There are many thousands of books on particular assassinations and on the subject in general, but nearly all of them deal with the victims, not the perpetrators. This is overwhelmingly the case even in the roomful of volumes on the John Kennedy assassination, the instance in which the most attention has been paid to the presumed killer or the hunt for substitute suspects. Until now, however, there has been no single reference book solely on assassins themselves, in various periods and countries, for the convenience of students, researchers, historians, criminologists, psychologists and general readers interested in true crime. This is ironic in a sense, because a certain kind of assassin, as the reader will see quite readily, kills in order to be ensured a place in history, only to be rejected by the historical record in the chaos that the killing sets in motion.
Ask yourself this question: Who killed the Archduke Ferdinand in 1914, thus igniting the First World War, in which ten million people died and twenty million were wounded and which redrew the map of Europe, dealt the coup de grâce
to European colonialism, made the United States a world power–and led inevitably, unstoppably, to the Second World War? That person, arguably one of the most influential of the twentieth century, survived until 1918 but his name has been forgotten by all but a few. (You’ll find the answer by consulting Franz-Ferdinand
in the Index of Victims at the end of this book.) Similarly, who carried out Stalin’s orders and killed Leon Trotsky at his well-guarded compound in Mexico City in 1940? This was surely one of the most important events in the rise and fall of communism, the world’s numerically dominant political system for much of the twentieth century. The person’s name is not generally remembered though he lived until 1978. For that matter, who killed Rasputin and then lived on until 1967? Then there are acts of assassination as little known as the people who perform them. How many recall now that, a decade before he was gunned down in Memphis in 1968, a young Dr. Martin Luther King was very nearly assassinated in New York during a book signing?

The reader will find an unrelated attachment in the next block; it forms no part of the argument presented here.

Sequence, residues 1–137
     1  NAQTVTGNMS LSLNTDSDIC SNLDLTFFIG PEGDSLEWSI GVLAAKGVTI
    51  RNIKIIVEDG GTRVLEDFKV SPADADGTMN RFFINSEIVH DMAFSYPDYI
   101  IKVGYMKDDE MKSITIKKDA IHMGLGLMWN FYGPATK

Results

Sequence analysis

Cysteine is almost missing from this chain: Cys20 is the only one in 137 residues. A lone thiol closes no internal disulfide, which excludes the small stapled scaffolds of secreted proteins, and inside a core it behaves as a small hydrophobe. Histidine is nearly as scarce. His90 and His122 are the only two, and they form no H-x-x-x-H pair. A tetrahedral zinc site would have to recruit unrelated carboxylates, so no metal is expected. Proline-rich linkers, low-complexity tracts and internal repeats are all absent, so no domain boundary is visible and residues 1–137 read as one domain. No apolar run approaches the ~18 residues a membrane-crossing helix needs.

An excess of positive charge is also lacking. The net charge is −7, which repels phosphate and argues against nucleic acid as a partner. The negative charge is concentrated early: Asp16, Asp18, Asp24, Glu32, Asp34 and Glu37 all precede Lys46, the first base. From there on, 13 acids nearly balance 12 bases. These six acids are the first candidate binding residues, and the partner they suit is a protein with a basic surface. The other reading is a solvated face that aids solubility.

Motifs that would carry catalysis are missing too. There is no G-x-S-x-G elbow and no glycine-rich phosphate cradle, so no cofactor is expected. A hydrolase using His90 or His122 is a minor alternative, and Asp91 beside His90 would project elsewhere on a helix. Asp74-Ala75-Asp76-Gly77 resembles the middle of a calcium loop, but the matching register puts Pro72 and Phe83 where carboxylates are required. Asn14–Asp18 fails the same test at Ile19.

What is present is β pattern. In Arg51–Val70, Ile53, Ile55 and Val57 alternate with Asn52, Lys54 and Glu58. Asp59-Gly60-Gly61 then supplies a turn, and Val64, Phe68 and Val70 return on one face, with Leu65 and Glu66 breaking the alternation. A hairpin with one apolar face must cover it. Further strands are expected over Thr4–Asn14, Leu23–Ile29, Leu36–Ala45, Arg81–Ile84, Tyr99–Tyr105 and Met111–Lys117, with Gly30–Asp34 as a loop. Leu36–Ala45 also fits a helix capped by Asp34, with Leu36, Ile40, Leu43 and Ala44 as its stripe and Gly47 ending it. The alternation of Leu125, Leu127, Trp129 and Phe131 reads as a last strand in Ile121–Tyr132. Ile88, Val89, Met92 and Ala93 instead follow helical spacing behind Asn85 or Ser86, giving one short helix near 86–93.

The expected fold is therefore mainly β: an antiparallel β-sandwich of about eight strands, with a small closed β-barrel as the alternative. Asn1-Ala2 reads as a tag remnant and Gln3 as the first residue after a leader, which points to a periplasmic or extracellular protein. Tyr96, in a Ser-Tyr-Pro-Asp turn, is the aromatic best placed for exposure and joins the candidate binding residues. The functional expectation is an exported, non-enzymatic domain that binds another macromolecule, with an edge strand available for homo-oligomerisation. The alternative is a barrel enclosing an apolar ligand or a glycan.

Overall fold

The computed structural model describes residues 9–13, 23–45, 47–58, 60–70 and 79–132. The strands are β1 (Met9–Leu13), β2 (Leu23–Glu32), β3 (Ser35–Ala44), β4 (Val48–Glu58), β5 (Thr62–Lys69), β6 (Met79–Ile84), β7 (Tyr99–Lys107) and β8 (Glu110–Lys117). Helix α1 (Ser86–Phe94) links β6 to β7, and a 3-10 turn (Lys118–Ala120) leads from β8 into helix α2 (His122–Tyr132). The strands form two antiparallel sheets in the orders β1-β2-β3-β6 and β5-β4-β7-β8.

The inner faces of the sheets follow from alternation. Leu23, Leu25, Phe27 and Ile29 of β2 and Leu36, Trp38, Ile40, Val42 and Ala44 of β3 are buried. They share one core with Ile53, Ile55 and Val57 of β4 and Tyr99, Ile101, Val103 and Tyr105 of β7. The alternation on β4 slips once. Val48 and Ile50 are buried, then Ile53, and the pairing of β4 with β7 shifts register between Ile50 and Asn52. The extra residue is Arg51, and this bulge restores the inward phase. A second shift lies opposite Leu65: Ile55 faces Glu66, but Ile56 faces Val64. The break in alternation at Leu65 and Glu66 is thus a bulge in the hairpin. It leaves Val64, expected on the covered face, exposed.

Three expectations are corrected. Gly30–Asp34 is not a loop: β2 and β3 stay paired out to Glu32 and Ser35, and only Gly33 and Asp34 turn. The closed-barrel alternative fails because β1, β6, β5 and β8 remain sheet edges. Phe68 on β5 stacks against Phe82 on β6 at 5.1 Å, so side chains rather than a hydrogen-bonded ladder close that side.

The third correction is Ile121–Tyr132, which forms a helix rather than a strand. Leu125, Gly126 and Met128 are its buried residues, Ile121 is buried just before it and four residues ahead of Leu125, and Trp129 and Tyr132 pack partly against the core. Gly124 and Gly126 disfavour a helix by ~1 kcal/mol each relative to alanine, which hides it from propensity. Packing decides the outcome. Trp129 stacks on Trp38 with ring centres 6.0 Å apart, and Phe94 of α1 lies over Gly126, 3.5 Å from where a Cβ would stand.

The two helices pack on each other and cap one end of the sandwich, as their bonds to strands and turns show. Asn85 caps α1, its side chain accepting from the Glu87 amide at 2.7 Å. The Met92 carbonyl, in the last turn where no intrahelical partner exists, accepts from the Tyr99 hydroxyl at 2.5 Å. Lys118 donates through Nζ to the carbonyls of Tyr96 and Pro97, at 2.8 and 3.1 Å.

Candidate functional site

This encyclopedia will answer such questions and tell such tales, and many more besides. I can’t resist pointing out some of history’s most infamous assassins turn out not to have been assassins at all. Lucrezia Borgia is often referred to as an assassin but in fact never attempted to kill anybody (unlike her brother Cesare, who was probably the most prolific assassin of the Italian Renaissance, one of the great boom periods in assassination). Yet the world has not been without its female assassins, of whom the most notorious is Charlotte Corday, who killed the French political writer Jean-Paul Marat in the Revolutionary period and actually inspired later women to kill or try to. Because the women assassins are so interesting and so contrary to our preconceived ideas about gender, I have let them make up ten per cent of this book (an artificially high figure) and include women who have made attempts on the lives of people as different as Adolf Hitler and Andy Warhol.